For a couple of Ashtabula County families, a trip down to North Carolina wasn’t exactly on the agenda for this summer.
But with the way the young ladies ran in AAU Junior Olympic competition, a voyage to the Tarheel state became a necessity.
Marlee Beacom, a fifth grader at St. John, and Iris Gifford, a sixth grader at Jefferson Elementary, both competed in the 1500-meter run during the Junior Olympic National Track Championships at North Carolina A&T State University’s Irvin Belk Stadium in Greensboro recently.
Beacom ran a personal best time of 5:58.25, shattering her previous best time by five seconds. She also competed in the 800 and had another PR, finishing at 2:46.97.
Gifford ran the 1500 in a time of 7:26.8.
The times, however, don’t tell the story of what it was like for either young athlete to compete against the best runners from all across the country with thousands looking on.
“It was a little bit nerve wracking at first,” Gifford said.
Nerves, however, didn’t stand in the way of the sense of pride she felt in making it to nationals.
“I really don’t know how I got here,” Gifford said. “I guess it was just a lot of practice. I was a kind of a little bit excited because it was only my first year of running and I got to go to North Carolina and compete in the Junior Olympics, which was pretty cool.”
It was also pretty cool for Beacom, who like Gifford, took up running about a year ago, joining her father, Jamie Beacom on daily jogs.
For her, the greatest tension was the journey getting to nationals, especially the time between finishing the race and awaiting the results.
Competing at the regional meet in Columbus, she actually thought she’d come up one placement short of moving on.
“I didn’t think I made it,” Beacom said. “I got in front of these two girls in the last 200 (meters) and they came up behind me and passed me. So, I thought I came in seventh (the top six qualify) and didn’t make it.”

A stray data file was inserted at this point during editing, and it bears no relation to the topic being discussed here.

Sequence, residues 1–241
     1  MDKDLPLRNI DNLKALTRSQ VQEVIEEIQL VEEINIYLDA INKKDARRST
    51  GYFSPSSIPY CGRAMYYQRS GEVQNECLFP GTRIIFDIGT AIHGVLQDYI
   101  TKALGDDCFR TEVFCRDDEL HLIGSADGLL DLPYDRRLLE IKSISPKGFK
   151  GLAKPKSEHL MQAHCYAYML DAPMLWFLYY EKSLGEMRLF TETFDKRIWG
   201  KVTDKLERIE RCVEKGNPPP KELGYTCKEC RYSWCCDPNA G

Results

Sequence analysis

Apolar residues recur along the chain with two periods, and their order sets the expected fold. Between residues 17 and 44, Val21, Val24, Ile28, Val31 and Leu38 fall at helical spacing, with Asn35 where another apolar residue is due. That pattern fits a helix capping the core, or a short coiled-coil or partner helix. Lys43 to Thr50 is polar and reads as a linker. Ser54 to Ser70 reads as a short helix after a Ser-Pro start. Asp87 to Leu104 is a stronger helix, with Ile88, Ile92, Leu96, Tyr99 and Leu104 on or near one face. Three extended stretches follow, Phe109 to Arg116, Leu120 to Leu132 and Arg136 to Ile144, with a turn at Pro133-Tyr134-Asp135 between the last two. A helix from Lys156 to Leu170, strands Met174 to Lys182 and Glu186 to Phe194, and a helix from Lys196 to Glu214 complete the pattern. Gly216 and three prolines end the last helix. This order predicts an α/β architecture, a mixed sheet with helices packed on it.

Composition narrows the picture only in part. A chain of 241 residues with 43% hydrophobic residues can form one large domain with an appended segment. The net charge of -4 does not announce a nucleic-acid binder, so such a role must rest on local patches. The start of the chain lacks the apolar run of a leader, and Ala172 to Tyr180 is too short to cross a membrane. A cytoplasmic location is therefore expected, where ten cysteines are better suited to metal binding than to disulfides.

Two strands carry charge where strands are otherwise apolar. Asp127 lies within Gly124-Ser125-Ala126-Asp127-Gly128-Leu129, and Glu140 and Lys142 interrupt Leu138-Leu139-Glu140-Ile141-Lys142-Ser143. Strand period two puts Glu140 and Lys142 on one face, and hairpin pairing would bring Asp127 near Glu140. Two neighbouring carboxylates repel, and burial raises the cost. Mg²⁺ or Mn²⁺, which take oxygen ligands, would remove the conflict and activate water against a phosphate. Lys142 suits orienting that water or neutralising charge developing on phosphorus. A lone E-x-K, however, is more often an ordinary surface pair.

But walking back, dealing with thoughts of disappointment, she saw her father looking at the results on his phone.
“He saw that I came in sixth,” Beacom said. “It felt really good.”
The tension followed her to nationals, but once the race started, she said it eased up.
“The start of the race is the most nerve racking,” Beacom said. “But, then once you start, you just kind of let your legs go and it’s fine.”
For their parents,
just getting to see their children compete on that type of stage was what mattered the most.
“It was a great experience,” Pam Gifford said. “It was nice to see her (Iris) achieve her goals. She was trying to knock off a little time off. She’s still a little inconsistent here and there, but again, it’s only her first year and she’s doing great.”
Jamie Beacom added, “I think it’s awesome. There were just so many people there. We have good attendance at the track now, maybe a hundred people. But, you’re talking about a couple of thousand there, it was just a great experience.”
Both girls plan on continuing to run with the Ashtabula County youth running program and looking forward to running for their junior high and high school programs in the future.